These differences were clearly linked to maternal fish consumption during pregnancy.  Children whose mothers ate fish at least once each week during pregnancy were four times as likely to have a learning disability, nervous system disorder, or at least one condition that may impact school performance, and three times as likely not to be thriving compared to those whose mothers ate fish never or hardly ever during pregnancy.
“We are proud of our kids.  They are amaze me every day with their humour, their pride, and their strength.  They should not have to overcome hunger, poverty, and poison in order to succeed.  Justin Trudeau, please find it in your heart to help our children so that their dreams can come true.”
Overcoming many challenges, the children of Grassy Narrows are active and engaged.  More than two-thirds of children (70%) participate in the community organized cultural events.  The large majority of children (88%) are engaged in physical activities including walking, swimming, running or jogging, fishing, bicycle riding/mountain biking. Fully 86% of girls and 72% of boys read for fun at least a few times a month.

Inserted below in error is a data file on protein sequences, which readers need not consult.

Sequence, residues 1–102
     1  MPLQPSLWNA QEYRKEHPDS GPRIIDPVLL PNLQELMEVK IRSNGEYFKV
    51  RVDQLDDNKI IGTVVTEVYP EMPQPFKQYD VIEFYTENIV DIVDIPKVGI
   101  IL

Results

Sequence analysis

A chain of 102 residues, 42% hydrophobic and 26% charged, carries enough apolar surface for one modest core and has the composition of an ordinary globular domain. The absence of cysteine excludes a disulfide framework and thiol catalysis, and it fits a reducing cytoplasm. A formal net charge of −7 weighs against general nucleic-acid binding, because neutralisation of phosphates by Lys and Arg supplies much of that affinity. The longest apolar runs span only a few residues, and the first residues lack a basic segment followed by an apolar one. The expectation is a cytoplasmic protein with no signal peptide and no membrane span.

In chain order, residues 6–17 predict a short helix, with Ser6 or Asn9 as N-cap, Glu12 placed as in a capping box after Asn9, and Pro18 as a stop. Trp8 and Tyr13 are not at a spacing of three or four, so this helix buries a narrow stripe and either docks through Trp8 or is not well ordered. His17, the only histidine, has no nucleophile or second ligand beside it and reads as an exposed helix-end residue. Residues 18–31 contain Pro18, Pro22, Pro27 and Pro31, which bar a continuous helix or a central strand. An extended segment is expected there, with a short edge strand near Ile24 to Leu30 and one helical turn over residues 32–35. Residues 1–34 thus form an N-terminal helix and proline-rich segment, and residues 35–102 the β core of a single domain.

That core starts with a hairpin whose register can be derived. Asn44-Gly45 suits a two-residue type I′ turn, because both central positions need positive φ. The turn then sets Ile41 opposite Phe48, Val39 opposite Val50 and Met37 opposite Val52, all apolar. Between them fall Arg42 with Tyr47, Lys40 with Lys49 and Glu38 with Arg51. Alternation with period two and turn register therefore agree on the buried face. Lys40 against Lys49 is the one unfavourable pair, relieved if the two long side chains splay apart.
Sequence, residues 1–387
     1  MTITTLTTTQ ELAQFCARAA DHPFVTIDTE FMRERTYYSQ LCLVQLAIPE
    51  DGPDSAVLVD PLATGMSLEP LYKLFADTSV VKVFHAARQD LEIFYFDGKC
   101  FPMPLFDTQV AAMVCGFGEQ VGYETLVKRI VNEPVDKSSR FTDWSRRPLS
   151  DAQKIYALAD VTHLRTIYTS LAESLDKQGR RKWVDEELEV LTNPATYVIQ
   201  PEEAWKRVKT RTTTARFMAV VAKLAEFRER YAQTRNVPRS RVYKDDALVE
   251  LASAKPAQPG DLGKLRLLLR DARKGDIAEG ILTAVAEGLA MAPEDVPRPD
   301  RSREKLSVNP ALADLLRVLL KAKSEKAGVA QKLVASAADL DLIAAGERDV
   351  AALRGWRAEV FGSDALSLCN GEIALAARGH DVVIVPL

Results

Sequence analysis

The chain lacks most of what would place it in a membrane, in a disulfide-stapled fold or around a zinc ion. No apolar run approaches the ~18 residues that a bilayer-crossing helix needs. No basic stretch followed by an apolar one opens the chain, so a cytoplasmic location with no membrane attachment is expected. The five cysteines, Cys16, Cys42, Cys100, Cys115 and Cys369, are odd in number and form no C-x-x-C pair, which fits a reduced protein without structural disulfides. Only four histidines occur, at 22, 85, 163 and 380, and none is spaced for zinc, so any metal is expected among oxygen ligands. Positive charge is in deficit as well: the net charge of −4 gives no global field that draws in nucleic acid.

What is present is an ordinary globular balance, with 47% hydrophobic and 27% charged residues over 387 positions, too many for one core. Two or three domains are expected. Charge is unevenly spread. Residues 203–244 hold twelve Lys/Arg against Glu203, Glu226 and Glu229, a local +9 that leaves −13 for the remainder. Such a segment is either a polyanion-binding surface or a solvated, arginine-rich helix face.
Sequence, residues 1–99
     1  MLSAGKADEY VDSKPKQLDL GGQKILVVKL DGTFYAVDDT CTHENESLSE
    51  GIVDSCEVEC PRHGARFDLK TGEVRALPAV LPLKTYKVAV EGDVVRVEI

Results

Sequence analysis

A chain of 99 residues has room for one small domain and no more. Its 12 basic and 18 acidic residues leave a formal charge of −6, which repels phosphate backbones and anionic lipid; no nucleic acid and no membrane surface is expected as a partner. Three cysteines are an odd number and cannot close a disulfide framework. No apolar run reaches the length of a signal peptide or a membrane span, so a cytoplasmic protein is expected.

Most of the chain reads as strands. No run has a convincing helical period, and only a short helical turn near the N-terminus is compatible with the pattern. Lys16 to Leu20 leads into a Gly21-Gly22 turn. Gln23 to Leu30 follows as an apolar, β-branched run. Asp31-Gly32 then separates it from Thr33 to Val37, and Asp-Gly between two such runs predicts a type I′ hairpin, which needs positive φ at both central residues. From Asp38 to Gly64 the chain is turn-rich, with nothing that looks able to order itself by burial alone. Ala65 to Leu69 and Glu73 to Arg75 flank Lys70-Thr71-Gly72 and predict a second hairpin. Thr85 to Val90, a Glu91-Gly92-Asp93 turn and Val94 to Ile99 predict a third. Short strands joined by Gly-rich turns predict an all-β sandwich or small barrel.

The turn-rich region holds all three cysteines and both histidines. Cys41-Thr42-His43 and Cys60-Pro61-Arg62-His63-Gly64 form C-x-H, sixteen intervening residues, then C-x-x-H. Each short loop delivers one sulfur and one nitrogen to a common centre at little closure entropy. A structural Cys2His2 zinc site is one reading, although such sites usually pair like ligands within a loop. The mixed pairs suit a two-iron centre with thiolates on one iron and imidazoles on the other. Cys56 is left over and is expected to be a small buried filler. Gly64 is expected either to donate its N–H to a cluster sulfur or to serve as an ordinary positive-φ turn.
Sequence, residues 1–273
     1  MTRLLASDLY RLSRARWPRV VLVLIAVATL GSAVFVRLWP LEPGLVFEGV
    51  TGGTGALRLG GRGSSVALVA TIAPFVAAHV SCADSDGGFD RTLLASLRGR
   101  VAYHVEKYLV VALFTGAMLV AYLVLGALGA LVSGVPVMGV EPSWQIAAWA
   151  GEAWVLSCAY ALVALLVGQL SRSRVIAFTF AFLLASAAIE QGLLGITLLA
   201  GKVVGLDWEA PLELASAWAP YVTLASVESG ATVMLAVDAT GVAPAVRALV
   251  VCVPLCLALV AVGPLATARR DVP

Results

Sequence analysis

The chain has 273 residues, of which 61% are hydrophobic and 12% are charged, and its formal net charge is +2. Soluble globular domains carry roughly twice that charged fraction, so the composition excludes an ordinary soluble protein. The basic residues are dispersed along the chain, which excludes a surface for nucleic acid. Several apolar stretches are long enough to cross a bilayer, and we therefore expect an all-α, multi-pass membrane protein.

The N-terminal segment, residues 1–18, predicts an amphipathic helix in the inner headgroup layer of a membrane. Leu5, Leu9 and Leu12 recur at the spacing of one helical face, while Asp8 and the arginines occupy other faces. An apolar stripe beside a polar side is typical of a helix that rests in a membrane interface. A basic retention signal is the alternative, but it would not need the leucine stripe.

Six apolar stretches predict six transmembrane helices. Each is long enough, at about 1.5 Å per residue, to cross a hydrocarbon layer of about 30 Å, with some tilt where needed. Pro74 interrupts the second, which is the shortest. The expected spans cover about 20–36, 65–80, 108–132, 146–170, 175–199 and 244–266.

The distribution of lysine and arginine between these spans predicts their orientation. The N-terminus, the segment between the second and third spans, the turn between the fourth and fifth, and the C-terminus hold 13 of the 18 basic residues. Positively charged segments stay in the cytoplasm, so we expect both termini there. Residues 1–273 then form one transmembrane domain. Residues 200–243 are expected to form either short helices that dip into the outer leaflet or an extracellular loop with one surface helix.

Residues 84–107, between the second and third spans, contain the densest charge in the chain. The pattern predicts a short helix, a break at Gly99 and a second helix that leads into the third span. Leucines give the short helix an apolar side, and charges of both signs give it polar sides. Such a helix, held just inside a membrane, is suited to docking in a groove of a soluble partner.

In spite of higher rates of fish consumption and its impacts, when all of the other factors are taken into account, the likelihood of a child being in very good or excellent health is over two times higher if the mother lived in Grassy Narrows during her pregnancy, suggesting that the Grassy Narrows environment during pregnancy was more propitious to children’s future health.
Fifty eight percent of girls 12-17 participate in events related to the promotion of their rights, such as the convergence planned for tomorrow, December 6th, at noon at the Centennial Flame on Parliament Hill.
This report paints a starkly different picture than a recent internal briefing note by INAC, obtained through FOI, apparently produced following the PMO’s January 17, 2017 statement that Grassy Narrows is a priority for his government which would “deal with this issue once and for all.”